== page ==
Full blood count Not routinely Not routinely Consider for people with cardiovascular or renal disease if any symptoms not recently investigated
Haemostasis Not routinely Not routinely Consider in people with chronic liver disease

  • If people taking anticoagulants need modification of their treatment regimen, make an individualised plan in line with local guidance
  • If clotting status needs to be tested before surgery (depending on local guidance) use point-of-care testing1
Kidney function Not routinely Consider in people at risk of AKI2 Yes
ECG Not routinely Consider for people with cardiovascular, renal or diabetes comorbidities Yes
Lung function/arterial blood gas Not routinely Not routinely Consider seeking advice from a senior anaesthetist as soon as possible after assessment for people who are ASA grade 3 or 4 due to known or suspected respiratory disease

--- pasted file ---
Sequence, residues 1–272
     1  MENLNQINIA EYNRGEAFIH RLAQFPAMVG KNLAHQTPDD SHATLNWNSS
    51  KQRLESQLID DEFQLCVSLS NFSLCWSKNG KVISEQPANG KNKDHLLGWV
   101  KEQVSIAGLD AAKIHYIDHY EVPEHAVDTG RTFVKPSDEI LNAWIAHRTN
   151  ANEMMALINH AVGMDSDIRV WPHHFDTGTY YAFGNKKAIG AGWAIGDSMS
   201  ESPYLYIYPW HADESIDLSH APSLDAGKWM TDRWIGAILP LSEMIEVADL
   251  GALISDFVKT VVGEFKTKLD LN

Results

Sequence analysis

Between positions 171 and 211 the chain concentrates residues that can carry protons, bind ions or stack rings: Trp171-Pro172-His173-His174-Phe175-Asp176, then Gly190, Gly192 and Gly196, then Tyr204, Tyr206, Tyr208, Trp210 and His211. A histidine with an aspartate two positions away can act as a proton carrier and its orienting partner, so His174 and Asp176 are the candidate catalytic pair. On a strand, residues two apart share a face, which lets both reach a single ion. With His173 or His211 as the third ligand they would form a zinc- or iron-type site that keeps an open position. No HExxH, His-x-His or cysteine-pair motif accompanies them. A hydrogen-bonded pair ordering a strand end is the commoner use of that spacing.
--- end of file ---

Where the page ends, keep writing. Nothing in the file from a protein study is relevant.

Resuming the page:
Table 3. Major or complex surgery
Test ASA grade
ASA 1 ASA 2 ASA 3 or ASA 4
  1. AKI, acute kidney injury. 1Note that currently the effects of direct oral anticoagulants (DOACs) cannot be measured by routine testing. 2See recommendation 1.1.8 of the NICE guideline on acute kidney injury [https://www.nice.org.uk/guidance/cg169/chapter/1-Recommendations#assessing-risk-factors-in-adults-having-surgery].

Full blood count Yes Yes Yes
Haemostasis Not routinely Not routinely Consider in people with chronic liver disease

  • If people taking anticoagulants need modification of their treatment regimen, make an individualised plan in line with local guidance
  • If clotting status needs to be tested before surgery (depending on local guidance) use point-of-care testing1
Kidney function Consider in people at risk of AKI2 Yes Yes
ECG Consider for people aged over 65 if no ECG results available from past 12 months Yes Yes
Lung function/arterial blood gas Not routinely Not routinely Consider seeking advice from a senior anaesthetist as soon as possible after assessment for people who are ASA grade 3 or 4 due to known or suspected respiratory disease